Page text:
Lead Tests May Have Inaccurate Results, FDA Warns

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Children younger than 6 years old, pregnant women, and nursing mothers may need to have lead levels retested.
Children younger than 6 years old, pregnant women, and nursing mothers may need to have lead levels retested.

HealthDay News -- Lead tests made by Magellan Diagnostics may yield inaccurate results for some children and adults, U.S. health officials warned.

Parents of children younger than 6 years old, pregnant women, and nursing mothers who have been tested for lead exposure using these tests should consult a health care provider about whether they should be retested, the officials said.

Data indicate that when all four of Magellan's lead testing systems -- LeadCare; LeadCare II; LeadCare Plus; and LeadCare Ultra -- are performed on blood drawn from a vein, they may give results that are lower than the actual level of lead in the blood.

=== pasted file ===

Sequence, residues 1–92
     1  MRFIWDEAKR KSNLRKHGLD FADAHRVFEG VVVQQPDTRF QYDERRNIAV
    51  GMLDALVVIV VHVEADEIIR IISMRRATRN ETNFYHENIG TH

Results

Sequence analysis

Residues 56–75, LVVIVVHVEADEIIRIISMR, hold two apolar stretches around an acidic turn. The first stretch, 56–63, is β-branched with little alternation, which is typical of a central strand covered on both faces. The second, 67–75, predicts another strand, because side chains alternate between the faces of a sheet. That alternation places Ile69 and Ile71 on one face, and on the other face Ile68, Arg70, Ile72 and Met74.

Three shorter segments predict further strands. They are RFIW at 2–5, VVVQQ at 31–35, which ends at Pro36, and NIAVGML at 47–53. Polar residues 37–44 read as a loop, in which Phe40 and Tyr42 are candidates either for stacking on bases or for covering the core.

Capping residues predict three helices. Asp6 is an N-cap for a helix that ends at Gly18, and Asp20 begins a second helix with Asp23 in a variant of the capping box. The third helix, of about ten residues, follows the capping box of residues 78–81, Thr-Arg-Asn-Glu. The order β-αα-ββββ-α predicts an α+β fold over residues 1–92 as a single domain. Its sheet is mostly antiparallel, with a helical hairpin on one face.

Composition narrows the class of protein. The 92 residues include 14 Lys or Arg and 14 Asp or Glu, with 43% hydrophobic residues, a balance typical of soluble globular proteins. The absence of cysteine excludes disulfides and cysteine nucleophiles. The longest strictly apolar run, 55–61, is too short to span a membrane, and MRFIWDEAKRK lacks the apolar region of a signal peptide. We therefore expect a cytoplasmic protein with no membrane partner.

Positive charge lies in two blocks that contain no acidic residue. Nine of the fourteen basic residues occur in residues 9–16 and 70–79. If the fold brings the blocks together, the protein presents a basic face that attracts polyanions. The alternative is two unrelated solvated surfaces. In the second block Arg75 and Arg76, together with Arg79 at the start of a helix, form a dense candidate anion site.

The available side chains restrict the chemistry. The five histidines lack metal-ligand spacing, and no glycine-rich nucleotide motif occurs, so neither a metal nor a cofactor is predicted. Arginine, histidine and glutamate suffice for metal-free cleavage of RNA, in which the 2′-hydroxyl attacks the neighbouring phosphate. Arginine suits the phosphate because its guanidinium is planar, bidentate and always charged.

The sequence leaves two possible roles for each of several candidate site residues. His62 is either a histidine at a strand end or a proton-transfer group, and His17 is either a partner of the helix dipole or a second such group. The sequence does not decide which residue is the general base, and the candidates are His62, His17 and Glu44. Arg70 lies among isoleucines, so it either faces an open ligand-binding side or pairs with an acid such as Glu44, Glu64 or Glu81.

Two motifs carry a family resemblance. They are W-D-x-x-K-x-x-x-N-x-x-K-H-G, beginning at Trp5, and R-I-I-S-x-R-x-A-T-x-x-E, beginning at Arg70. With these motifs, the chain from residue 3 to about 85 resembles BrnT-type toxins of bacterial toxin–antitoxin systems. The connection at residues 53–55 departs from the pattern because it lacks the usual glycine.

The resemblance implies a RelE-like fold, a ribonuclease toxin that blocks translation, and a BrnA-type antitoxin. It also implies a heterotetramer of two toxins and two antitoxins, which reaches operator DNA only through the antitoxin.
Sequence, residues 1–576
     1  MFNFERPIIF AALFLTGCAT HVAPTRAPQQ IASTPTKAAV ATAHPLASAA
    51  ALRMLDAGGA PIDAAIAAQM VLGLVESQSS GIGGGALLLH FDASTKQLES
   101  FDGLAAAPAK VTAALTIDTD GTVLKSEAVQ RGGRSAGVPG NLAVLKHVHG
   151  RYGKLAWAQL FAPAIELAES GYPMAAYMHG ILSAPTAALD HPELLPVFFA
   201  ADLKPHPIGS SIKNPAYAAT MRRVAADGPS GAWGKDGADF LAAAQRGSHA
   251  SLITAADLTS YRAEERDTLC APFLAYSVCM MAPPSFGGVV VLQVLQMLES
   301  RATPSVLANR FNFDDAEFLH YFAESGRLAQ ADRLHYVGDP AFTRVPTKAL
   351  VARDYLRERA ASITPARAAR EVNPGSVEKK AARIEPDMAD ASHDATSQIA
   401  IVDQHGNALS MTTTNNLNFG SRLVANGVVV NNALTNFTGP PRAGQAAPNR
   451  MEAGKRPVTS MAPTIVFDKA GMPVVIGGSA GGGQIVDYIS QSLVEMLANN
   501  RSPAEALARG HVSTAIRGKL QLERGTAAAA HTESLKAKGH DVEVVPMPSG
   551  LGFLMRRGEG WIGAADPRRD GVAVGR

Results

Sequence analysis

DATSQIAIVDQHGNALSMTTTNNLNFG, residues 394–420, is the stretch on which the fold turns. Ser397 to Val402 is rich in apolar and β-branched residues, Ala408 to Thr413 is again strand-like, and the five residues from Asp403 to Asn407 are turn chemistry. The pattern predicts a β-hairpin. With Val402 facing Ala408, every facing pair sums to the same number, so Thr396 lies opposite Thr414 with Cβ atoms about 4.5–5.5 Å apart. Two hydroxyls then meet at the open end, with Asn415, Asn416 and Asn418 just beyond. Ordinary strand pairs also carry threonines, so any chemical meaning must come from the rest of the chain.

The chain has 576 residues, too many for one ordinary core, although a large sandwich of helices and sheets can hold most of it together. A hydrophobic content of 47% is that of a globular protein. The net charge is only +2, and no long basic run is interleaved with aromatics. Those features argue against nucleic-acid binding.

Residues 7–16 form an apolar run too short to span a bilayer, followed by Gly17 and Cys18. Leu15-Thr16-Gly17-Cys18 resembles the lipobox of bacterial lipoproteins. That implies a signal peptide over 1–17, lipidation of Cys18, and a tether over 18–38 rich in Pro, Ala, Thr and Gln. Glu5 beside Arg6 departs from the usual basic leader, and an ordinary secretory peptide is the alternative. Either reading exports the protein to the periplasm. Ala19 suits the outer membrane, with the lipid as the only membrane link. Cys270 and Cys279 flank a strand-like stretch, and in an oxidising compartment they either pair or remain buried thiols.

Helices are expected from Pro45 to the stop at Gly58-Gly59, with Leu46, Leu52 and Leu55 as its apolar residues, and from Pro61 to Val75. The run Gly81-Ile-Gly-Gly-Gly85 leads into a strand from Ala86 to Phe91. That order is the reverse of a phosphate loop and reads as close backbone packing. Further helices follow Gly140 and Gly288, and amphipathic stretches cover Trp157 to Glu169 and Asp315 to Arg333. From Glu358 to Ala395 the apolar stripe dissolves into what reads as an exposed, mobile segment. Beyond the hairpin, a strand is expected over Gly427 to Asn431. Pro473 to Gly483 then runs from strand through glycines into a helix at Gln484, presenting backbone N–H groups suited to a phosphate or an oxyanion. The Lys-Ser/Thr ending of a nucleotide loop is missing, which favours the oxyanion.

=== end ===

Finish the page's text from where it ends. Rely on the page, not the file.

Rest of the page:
"The FDA is concerned that Magellan lead tests that use blood drawn from a vein may provide results that are lower than the actual level of lead in the blood," Jeffrey Shuren, MD, JD, director of the FDA's Center for Devices and Radiological Health, said during a media briefing. "There is little evidence that Magellan tests using blood from a finger or heel stick are affected."

Reference

FDA warns Americans about risk of inaccurate results from certain lead tests [news release]. FDA newsroom; May 17, 2017. https://www.fda.gov/NewsEvents/Newsroom/PressAnnouncements/ucm558769.htm

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